LIMA (Reuters) - The Pyeongchang winter Olympics in February will not be affected by the escalating crisis on the peninsula and North Korea will hopefully be able to send athletes, the country’s International Olympic Committee member Chang Ung said on Friday.
Chang, a vice president of the North Korean Olympic Committee (NOC), said that so far no athletes from North Korea had qualified and any participation was subject to an NOC decision.
North Korea has launched dozens of missiles under leader Kim Jong Un as it accelerates a weapons programme designed to give it the ability to target the United States with a powerful, nuclear-tipped missile.
Less than five months before the start of the Games in Pyeongchang, world powers are grappling for a response to the latest series of nuclear tests by the North and its repeated test-firing of ballistic missiles, of which the latest flew over Japan and far out into the Pacific on Friday.
“I am quite sure that politics is one thing and Olympics is another thing,” Chang Ung told the IOC’s Olympic channel. “So I don’t see any big problem for the Pyeongchang Olympics.”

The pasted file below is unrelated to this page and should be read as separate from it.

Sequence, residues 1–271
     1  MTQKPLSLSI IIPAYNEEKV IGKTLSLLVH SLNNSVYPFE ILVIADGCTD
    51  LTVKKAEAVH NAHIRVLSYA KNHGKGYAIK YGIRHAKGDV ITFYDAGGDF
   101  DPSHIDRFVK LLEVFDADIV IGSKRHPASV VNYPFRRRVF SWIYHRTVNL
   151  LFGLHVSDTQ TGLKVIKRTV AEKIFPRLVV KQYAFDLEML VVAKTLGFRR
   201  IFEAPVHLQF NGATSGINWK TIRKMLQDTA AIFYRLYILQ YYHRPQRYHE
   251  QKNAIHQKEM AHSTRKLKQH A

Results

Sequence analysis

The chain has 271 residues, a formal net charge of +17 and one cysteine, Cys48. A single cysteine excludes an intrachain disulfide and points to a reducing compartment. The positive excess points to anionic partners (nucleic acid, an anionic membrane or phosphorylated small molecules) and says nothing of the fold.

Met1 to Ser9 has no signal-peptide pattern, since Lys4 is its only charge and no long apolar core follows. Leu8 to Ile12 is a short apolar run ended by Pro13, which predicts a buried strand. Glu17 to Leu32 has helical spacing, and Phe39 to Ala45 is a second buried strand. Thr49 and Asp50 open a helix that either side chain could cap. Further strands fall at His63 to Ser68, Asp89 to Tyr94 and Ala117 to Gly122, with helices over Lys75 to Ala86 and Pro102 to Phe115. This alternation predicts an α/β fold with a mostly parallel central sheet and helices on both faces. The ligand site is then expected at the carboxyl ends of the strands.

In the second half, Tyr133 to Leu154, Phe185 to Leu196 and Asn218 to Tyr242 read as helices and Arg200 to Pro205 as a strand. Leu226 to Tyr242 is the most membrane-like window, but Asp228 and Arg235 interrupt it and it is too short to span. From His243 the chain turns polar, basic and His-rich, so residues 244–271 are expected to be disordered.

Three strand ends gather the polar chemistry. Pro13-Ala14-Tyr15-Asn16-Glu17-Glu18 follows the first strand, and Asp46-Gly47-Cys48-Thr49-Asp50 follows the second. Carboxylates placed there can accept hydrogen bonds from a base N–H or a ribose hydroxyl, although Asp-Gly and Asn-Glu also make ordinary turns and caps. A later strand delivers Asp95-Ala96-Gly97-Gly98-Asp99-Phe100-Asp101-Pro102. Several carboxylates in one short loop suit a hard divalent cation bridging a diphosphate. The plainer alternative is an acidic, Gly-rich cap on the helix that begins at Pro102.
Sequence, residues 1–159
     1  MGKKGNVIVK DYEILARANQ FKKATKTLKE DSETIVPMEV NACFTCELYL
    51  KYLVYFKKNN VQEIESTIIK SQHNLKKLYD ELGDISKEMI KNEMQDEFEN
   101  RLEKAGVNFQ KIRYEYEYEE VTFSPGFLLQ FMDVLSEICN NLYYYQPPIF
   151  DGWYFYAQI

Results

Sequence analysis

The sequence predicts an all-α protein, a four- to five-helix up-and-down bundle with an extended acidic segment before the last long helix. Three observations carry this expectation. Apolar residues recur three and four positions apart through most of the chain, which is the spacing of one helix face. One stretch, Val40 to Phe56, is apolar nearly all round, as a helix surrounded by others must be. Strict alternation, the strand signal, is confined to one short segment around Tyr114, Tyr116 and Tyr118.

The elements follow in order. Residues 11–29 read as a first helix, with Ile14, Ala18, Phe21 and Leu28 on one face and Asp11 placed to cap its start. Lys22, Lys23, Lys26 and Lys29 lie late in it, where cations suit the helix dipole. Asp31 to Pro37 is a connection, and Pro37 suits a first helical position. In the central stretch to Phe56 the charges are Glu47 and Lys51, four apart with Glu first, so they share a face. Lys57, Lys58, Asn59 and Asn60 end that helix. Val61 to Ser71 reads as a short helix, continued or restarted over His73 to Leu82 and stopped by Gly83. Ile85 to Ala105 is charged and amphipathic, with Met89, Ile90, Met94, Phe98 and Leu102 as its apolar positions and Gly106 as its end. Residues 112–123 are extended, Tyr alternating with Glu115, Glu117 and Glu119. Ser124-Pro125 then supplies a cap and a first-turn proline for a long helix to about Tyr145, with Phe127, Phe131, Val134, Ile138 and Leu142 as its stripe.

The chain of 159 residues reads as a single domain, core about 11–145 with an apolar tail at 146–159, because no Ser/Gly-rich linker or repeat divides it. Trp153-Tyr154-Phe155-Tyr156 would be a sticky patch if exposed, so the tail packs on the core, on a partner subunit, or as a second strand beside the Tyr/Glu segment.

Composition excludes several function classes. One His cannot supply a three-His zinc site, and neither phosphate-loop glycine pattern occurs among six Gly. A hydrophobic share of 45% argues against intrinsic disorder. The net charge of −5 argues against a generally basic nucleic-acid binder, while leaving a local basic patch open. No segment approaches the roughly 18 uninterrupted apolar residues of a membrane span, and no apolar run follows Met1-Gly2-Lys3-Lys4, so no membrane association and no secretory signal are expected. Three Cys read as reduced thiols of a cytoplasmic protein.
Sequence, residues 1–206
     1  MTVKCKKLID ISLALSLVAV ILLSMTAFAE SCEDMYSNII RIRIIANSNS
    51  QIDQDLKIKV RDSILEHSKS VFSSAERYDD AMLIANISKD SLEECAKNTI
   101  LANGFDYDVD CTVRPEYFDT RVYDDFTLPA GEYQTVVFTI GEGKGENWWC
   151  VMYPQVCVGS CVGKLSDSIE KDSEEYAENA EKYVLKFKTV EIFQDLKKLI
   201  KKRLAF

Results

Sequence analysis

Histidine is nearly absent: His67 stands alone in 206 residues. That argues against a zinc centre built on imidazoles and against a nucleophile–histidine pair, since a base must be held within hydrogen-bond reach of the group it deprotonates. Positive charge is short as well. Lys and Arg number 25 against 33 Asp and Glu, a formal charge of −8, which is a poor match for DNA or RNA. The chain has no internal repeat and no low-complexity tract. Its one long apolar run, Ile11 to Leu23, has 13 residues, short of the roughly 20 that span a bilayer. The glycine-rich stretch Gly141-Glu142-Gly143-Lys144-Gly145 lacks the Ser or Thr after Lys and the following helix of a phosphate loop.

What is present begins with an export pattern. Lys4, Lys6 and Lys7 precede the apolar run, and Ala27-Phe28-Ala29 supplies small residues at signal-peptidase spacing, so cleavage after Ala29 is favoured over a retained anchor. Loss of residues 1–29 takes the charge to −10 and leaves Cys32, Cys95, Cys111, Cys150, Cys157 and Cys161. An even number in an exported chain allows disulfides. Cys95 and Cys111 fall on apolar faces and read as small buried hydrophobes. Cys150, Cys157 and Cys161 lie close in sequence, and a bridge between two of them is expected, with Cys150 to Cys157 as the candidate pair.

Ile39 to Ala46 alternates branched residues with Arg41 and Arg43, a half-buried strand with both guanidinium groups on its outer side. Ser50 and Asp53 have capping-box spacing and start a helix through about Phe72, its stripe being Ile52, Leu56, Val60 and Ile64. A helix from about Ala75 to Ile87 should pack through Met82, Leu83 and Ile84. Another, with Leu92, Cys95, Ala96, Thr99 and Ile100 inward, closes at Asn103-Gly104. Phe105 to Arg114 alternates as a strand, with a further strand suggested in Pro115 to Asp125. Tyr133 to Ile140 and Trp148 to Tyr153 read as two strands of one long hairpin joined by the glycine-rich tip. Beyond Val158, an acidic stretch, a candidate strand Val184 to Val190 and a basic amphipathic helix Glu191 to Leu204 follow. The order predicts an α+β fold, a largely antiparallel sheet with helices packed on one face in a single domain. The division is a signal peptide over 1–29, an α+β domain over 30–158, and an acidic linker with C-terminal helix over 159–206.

“However still the NOC of the DPRK (North Korea) cannot confirm as athletes have not qualified yet, qualification still goes on,” he said.
He said that figure skating, short track speed skating and possibly Nordic skiing could potentially feature North Korean athletes.
“The figure skating pair is on the way to Germany for the qualification, short track (are) also going to participate in qualification in Netherlands... Nordic could be as they will go to qualifications,” he said.
“It is up to the NOC to decide. The DPRK NOC did not send any athletes to Sochi (2014 winter Olympics) because of qualification but hopefully if they qualify they will go (to Pyeongchang).”
Reporting by Karolos Grohmann; Editing by Christian Radnedge